- The Washington Times - Tuesday, October 29, 2013

It took one year, nine months, 26 days and two nominations, but any day now longtime union lawyer Richard Griffin will start his job at the National Labor Relations Board.

Mr. Griffin has been at the center of one of the biggest power struggles in Washington, as Senate Republicans blocked President Obama’s nomination of him to serve as a member of the NLRB.

But Senate Republicans caved Tuesday, making way for Mr. Griffin to serve instead as the NLRB’s top lawyer, still a prominent post at the agency.

The Senate voted 55-44 to approve Mr. Griffin’s nomination to serve as general counsel at the NLRB. As the NLRB’s top lawyer, Mr. Griffin will decide which cases to bring before the board, although he will not have a vote that affects the board’s decisions.

Mr. Griffin is very well-qualified, and he has been thoroughly vetted,” Sen. Tom Harkin, Iowa Democrat, said during floor debate before the vote. “I have received not one objection to his qualifications or his background.”

Cue the verbal warfare from House Republicans. The NLRB has served as a hotbed of contentious fights under the Obama administration, and Mr. Griffin is no exception.

One of the NLRB’s top critics, Rep. John Kline, Minnesota Republican and chairman of the House Education and The Workforce Committee, urged his Republican colleagues in the Senate to “restore the integrity of the NLRB” by voting against Mr. Griffin’s nomination.

“No one with his track record should be allowed to serve as the agency’s top attorney,” Mr. Kline said.

Conservative groups accuse Mr. Griffin of being a corrupt lawyer, pointing to his work with the International Union of Operating Engineers, which they denounce as a union overrun by organized crime, and to a civil lawsuit brought by workers against the union accusing Mr. Griffin and others of embezzlement.

Competitive Enterprise Institute labor analyst Trey Kovacs called the move a “disaster” and a “travesty of justice.”

Richard Griffin comes directly from the union movement and has demonstrated willingness to be extremely partisan on behalf of unions,” Mr. Kovacs said.

Workforce Fairness Institute spokesman Fred Wszolek called the move an “assault by labor bosses” on American businesses. Mr. Wszolek warned that Mr. Griffin’s appointment sends “a message to America’s employers that political payback to the union bosses who bankrolled President Obama’s campaigns has greater importance than economic growth.”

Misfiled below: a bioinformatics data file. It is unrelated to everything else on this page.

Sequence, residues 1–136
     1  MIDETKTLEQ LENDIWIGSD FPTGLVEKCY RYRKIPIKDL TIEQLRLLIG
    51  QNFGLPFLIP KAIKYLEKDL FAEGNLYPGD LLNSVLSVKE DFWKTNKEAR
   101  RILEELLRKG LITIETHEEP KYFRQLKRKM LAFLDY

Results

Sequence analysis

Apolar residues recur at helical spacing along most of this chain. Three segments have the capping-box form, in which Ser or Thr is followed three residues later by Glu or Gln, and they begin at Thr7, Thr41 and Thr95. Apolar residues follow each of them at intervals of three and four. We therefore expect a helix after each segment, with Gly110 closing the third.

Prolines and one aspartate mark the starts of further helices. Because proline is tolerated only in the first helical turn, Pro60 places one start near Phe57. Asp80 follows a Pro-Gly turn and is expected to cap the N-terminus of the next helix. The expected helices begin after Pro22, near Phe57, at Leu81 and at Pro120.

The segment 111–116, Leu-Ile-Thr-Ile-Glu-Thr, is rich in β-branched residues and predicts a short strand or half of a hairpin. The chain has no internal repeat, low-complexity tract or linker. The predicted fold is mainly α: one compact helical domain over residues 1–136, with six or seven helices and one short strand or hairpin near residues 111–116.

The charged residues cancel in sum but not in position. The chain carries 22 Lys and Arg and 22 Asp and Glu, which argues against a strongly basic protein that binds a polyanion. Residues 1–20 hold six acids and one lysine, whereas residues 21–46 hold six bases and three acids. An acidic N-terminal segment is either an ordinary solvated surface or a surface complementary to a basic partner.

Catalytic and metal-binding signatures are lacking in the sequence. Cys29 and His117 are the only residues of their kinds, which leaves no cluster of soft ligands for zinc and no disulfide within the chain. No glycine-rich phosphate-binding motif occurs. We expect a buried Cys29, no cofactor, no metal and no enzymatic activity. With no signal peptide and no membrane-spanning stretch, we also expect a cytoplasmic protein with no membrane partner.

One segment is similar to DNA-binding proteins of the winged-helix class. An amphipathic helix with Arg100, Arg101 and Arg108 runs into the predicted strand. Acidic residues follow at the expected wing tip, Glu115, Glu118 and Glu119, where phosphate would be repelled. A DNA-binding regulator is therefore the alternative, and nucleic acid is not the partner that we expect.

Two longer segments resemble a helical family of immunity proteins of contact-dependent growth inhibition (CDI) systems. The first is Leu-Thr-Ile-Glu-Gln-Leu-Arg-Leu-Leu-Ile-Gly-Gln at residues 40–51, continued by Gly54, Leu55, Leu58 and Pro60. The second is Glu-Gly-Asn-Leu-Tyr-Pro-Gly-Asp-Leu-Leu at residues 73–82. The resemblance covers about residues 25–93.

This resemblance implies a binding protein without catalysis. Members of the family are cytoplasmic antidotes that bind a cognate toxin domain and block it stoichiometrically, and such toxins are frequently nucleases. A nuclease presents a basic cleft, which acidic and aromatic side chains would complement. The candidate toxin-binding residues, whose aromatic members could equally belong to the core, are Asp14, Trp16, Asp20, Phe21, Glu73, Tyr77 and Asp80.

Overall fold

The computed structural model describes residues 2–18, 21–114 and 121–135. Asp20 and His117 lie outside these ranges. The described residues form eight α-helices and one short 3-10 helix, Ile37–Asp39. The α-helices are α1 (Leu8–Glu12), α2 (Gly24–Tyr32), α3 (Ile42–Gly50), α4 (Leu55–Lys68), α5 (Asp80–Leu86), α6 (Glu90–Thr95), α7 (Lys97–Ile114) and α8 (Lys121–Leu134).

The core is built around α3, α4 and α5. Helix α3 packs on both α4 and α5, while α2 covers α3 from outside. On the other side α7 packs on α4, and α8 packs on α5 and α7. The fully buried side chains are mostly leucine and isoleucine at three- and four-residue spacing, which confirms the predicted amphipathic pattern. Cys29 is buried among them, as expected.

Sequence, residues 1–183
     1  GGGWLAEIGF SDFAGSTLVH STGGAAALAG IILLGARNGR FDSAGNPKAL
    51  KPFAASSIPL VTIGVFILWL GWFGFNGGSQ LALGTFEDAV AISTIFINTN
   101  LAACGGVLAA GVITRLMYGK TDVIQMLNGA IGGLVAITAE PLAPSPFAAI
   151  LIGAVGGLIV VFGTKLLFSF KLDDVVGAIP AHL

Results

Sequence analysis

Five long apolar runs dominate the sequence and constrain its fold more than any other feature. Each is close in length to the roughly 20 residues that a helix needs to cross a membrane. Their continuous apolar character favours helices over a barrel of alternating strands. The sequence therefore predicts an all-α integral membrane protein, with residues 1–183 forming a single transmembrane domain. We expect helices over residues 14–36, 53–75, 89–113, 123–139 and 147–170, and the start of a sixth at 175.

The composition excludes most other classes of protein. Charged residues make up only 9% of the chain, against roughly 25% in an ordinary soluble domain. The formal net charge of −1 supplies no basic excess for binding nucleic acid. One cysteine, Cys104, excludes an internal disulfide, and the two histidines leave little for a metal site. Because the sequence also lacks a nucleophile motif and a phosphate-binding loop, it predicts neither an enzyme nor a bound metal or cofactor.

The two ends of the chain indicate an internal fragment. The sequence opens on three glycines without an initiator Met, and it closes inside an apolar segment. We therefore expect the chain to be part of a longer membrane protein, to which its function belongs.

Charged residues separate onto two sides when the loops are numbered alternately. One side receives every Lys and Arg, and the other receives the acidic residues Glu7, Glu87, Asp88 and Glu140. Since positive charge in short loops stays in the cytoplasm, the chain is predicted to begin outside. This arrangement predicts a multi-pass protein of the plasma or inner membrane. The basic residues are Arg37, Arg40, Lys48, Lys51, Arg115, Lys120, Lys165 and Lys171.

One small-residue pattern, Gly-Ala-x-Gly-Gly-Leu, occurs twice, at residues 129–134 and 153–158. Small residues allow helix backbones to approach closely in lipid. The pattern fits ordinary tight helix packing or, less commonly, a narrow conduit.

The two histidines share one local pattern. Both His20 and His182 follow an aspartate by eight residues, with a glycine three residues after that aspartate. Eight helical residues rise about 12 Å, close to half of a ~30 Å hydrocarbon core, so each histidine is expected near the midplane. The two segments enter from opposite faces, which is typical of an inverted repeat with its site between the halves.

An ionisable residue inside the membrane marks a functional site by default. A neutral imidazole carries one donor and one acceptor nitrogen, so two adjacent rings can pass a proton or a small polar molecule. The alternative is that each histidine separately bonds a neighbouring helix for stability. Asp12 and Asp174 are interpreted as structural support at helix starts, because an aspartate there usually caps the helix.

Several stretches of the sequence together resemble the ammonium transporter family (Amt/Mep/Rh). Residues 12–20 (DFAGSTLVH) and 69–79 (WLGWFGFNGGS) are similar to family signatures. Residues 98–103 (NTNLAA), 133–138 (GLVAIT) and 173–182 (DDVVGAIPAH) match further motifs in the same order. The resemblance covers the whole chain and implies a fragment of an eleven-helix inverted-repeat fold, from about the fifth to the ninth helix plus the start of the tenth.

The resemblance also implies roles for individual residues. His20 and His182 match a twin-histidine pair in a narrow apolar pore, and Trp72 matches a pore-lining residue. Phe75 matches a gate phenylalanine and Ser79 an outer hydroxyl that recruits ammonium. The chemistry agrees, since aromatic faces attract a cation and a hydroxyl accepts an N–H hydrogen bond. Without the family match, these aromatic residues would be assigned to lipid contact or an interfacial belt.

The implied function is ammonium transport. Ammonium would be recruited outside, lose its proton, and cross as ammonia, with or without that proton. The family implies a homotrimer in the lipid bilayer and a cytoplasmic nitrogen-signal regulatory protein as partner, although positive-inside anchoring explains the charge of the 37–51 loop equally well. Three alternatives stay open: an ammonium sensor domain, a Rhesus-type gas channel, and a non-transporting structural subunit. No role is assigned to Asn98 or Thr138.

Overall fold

But the Obama administration and congressional Democrats are thrilled to have a functioning NLRB, after two years of battles with Republicans and business groups.

“Today’s Senate vote to confirm Richard F. Griffin Jr. as General Counsel will ensure the NLRB’s ability to enforce the National Labor Relations Act,” NLRB board Chairman Mark Gaston Pearce said in a statement. “The Act guarantees the right of private sector workers to organize and bargain collectively with their employers and to participate in concerted activities to improve their pay and working conditions.”

Mr. Obama originally nominated Mr. Griffin to serve as a member of the NLRB, but Republicans vigorously denounced his Jan. 4, 2012, recess appointment. They challenged it in court and got Mr. Griffin’s appointment thrown out, even though he continued in that role as he waited for the Supreme Court to issue a final decision on the case.

Earlier this summer, Mr. Obama struck a deal with Senate Republicans to remove Mr. Griffin and appoint a new set of board members, who were quickly approved.

But Mr. Griffin was then reappointed to serve as general counsel, a position Tuesday’s vote confirmed. Mr. Griffin is expected to be sworn in within days, at which time he will take over for acting general counsel Lafe Solomon.

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